In the early 1980’s, when the Internet began to come about, citizen journalism emerged on social media platforms. It radically and forever changed the way we received and distributed the news.
Citizen journalism soared with the arrival of social media.
However, that is not to say that citizen journalism has not been criticised and disrespected. In Rosenberry & St John’s book, Public Journalism 2.0 (2009), it’s discussed how citizen journalism has been universally unaccepted by not only professional journalists and news organisations, but also some of the public.
Moving through the decades, citizen journalism was said to be, “self-absorbed and self-righteous and even bordered on propaganda” (Rosenberry & St John 2009, p.4). With no code of ethics or training within the field of journalism, this statement was very often true.
With social media, it allowed anyone to be able to participate in citizen journalism, also allowing unlimited public involvement. Therefore, blog posts, photos, videos and stories could be opinionated, misleading and many times all together fake.
Here is just one example of a video that went viral over social media platforms. The video was edited and a 3D animation made by University students and that fooled thousands, if not millions of people (Ashworth 2014).
In this past decade, especially in the past few years with the growth in social media platforms and its immense popularity, citizen news can be shared throughout the world.
Although, there can often be false news distributed over social media, citizen journalism can and has also been informative, engaging and useful.
Looking at crisis reporting in particular, social media has allowed the public to share and receive crisis and emergency news immediately.
Media correspondent of BBC News, Torin Douglas, reported that on the 7th of July 2005, amongst the London tube and Bus bombings, the public were at first-hand responsible for distributing thousands of photos and videos of terrorism attacks. With social media, people were able to share their ‘once in a lifetime‘ photos and stories instantly to the public and news organisations.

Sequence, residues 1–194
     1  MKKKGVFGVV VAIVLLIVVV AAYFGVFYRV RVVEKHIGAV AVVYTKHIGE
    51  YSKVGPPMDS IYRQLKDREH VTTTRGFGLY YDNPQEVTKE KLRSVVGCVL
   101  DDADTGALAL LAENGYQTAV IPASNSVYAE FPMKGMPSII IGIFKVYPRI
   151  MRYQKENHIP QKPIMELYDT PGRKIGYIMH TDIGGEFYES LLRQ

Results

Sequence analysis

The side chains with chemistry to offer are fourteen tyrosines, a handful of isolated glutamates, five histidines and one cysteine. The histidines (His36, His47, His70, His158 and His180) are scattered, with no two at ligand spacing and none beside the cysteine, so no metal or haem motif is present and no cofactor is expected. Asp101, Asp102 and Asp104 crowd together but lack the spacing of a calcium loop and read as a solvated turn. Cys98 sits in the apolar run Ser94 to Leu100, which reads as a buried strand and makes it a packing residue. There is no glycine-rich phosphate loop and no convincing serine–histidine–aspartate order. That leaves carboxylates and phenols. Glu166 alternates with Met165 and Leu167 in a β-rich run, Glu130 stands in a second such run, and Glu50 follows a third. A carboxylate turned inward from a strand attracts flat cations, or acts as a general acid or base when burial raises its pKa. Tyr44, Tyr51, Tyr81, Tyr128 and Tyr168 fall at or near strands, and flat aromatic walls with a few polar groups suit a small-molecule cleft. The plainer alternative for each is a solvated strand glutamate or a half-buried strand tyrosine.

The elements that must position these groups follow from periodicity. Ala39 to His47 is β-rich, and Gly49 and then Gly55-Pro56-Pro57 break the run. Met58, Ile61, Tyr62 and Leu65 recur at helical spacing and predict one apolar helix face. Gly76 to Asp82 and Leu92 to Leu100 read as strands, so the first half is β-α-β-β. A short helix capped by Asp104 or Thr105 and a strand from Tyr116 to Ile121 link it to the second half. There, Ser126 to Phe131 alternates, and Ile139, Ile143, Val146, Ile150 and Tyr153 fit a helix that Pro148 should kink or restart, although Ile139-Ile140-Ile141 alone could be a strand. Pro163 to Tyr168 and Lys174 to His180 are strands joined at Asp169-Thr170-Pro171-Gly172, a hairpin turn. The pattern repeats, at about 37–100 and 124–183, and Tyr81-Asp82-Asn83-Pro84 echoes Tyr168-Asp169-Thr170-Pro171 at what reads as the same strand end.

The day was named “the day of ‘user-generated content’ or ‘citizens’ journalism’” (Douglas 2006).
Similarly, the 2009 Iran presidential campaign and the 9/11 terrorist attack saw thousands of people sharing photos, videos and their stories instantly onto their social media sites. Their own personal experiences throughout the horrific event were heard and seen.
Have you ever participated in crisis reporting, posting an accident, emergency or even a terrorism attack on one of your social media sites? Did you notice that you were participating in citizen journalism?
Today, citizen journalism is exceedingly common. So much so, that there are millions of people participating in it without even realising that they to are being classified as citizen journalists.
Without social media – this instantaneous means to distribute news to millions of people around the world – many news worthy stories and events would be uncaptured and unknown.
Social media sites have allowed for citizen journalism to revolutionise the way we receive and distribute news. It “helps provide us with faster, more reliable and diverse news than this society has ever seen before” (Zeil-Rolfe 2014).
Do you find yourself receiving and distributing news on your social media sites? Is it reliable and up-to-date?